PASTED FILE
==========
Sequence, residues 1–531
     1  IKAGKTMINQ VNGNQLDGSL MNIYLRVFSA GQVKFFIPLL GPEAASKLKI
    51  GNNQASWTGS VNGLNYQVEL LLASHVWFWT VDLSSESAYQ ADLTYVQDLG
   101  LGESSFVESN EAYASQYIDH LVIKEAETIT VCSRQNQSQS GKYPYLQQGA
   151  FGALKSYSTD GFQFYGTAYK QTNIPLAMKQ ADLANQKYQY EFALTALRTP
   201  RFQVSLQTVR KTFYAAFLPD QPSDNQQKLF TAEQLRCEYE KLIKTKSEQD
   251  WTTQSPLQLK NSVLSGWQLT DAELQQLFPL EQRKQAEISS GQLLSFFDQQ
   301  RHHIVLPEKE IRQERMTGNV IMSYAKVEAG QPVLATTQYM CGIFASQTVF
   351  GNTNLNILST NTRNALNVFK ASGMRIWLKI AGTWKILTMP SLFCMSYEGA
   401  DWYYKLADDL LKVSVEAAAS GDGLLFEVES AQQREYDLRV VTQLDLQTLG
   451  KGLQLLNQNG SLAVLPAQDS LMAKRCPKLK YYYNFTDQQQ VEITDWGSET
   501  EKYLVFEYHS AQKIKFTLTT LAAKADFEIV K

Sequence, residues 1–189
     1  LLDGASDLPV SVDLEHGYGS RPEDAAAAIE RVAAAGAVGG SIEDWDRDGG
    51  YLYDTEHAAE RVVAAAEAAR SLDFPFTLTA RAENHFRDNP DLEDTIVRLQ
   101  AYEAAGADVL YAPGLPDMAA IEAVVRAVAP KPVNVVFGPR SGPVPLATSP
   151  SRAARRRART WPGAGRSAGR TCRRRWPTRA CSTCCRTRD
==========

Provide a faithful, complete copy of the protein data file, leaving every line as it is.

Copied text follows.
Sequence, residues 1–531
     1  IKAGKTMINQ VNGNQLDGSL MNIYLRVFSA GQVKFFIPLL GPEAASKLKI
    51  GNNQASWTGS VNGLNYQVEL LLASHVWFWT VDLSSESAYQ ADLTYVQDLG
   101  LGESSFVESN EAYASQYIDH LVIKEAETIT VCSRQNQSQS GKYPYLQQGA
   151  FGALKSYSTD GFQFYGTAYK QTNIPLAMKQ ADLANQKYQY EFALTALRTP
   201  RFQVSLQTVR KTFYAAFLPD QPSDNQQKLF TAEQLRCEYE KLIKTKSEQD
   251  WTTQSPLQLK NSVLSGWQLT DAELQQLFPL EQRKQAEISS GQLLSFFDQQ
   301  RHHIVLPEKE IRQERMTGNV IMSYAKVEAG QPVLATTQYM CGIFASQTVF
   351  GNTNLNILST NTRNALNVFK ASGMRIWLKI AGTWKILTMP SLFCMSYEGA
   401  DWYYKLADDL LKVSVEAAAS GDGLLFEVES AQQREYDLRV VTQLDLQTLG
   451  KGLQLLNQNG SLAVLPAQDS LMAKRCPKLK YYYNFTDQQQ VEITDWGSET
   501  EKYLVFEYHS AQKIKFTLTT LAAKADFEIV K

Sequence, residues 1–189
     1  LLDGASDLPV SVDLEHGYGS RPEDAAAAIE RVAAAGAVGG SIEDWDRDGG
    51  YLYDTEHAAE RVVAAAEAAR SLDFPFTLTA RAENHFRDNP DLEDTIVRLQ
   101  AYEAAGADVL YAPGLPDMAA IEAVVRAVAP KPVNVVFGPR SGPVPLATSP
   151  SRAARRRART WPGAGRSAGR TCRRRWPTRA CSTCCRTRD